Question: A company extended a job offer to me, and I accepted it. A week later I decided to take a different offer, and so turned down the first company. The job application form I filled out said that the job was “at will.”
Soon after, I received a personal email from the company manager saying “You may want to prepare for a breach of implied contract and damages suit.”
I’m about to start a new job that I think could be very promising. Should I tell the new company that I might have a “complication?” Should I respond to that email? Should I hire an employment attorney?
Answer: Dan, what has happened here is the “other side of the coin” from what usually happens. More commonly, it is the employer that changes its mind after the employee resigned from his or her previous job, but before the employee starts the new job, leaving the employee “high and dry,” and without any job at all.
“At will” means that either the employer or the employee can terminate the job at any time, for any lawful reason. The employer or the employee can even end the job one minute after it started, or even one minute before it started. Because neither the employer nor the employee can, therefore, have any reasonable expectation of a lasting relation, the courts in almost all cases say that there is no breach of contract, of any kind. Since there was never a commitment, there never could have been a breach of a commitment, which is what “breach of contract” is all about.
Your almost-employer is obviously upset. Maybe he turned down other applicants. Maybe he promised someone that you would be there to perform some services. Maybe he fired someone because he knew you were arriving. No matter what he did, he did it at his own risk, and without any legal right against you. The law is clearly on your side here.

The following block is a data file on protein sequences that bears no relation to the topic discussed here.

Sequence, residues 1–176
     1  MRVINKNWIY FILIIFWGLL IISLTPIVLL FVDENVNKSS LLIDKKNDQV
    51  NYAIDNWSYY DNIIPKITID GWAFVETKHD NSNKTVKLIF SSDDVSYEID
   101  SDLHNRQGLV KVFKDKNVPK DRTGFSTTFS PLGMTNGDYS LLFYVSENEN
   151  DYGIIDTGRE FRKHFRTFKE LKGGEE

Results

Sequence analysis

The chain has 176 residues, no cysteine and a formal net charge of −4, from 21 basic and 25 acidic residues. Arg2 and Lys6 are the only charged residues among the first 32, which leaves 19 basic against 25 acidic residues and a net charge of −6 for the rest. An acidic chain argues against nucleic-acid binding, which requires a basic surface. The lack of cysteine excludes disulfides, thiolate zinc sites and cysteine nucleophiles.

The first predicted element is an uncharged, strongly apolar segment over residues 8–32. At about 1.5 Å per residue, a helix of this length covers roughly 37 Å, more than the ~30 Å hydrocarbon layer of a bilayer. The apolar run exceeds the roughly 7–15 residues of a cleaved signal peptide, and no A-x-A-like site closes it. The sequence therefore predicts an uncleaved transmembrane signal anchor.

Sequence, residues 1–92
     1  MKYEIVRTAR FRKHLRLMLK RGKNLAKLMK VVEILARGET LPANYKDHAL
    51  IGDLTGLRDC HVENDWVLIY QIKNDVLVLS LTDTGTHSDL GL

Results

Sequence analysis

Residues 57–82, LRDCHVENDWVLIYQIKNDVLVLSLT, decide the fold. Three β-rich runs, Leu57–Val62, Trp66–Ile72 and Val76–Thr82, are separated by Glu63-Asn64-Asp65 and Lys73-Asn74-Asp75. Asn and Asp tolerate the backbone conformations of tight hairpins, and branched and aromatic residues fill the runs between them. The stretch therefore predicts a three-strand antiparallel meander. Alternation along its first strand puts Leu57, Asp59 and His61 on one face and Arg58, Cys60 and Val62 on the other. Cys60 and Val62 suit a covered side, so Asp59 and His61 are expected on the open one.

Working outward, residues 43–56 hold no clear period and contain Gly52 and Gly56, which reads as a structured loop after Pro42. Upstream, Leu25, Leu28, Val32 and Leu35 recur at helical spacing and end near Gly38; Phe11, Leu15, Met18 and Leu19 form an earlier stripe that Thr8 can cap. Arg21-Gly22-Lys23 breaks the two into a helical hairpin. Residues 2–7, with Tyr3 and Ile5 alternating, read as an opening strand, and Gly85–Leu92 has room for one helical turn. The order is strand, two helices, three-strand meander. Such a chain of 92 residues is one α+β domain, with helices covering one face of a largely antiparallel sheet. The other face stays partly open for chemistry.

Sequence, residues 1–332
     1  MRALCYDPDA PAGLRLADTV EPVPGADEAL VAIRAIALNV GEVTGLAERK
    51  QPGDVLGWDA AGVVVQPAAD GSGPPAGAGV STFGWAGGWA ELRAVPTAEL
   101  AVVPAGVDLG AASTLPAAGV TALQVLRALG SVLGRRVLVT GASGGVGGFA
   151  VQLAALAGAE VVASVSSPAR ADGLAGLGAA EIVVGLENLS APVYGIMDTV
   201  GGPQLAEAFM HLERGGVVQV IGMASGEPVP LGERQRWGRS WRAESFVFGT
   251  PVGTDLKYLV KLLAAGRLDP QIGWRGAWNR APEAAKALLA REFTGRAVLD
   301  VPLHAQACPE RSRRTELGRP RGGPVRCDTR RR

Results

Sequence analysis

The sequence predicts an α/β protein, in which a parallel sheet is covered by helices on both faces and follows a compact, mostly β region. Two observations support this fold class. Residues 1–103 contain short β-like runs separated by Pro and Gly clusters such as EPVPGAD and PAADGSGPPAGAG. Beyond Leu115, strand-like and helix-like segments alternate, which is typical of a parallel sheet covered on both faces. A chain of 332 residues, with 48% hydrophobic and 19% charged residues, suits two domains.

But that does not mean that the company manager might not act like a jerk and do something stupid. Who knows? Even though he has no “case,” he still might try to sue you out of spite or the misguidance of a dishonest or ignorant lawyer who has convinced him he does have a case.
I would not recommend telling your new employer anything about this. It is not their business, not relevant, and not likely to come to their attention.
While you might consider asking an attorney to send your almost-employer a letter, it’s my guess that the company manager was just letting off steam, and that this will likely blow over. It’s like going on a date, and having your date stand you up: sure it’s upsetting, but not something that is likely to have long-lasting consequences.
You might consider asking an attorney for a letter, directing this man to refrain from contacting you, or saying or writing anything negative about you. This is commonly called a “cease and desist” letter.
You might also consider sending him an email expressing your sorrow for any inconvenience you may have caused. Just don’t “admit” anything wrong, and whatever you do, don’t tell him where you will be working. My honest expectation is that this will resolve itself.
Hope that helps. I’d love to hear back from you in a few weeks about what, if anything, came of this situation.
Best, Al Sklover
© 2010 Alan L. Sklover, All Rights Reserved.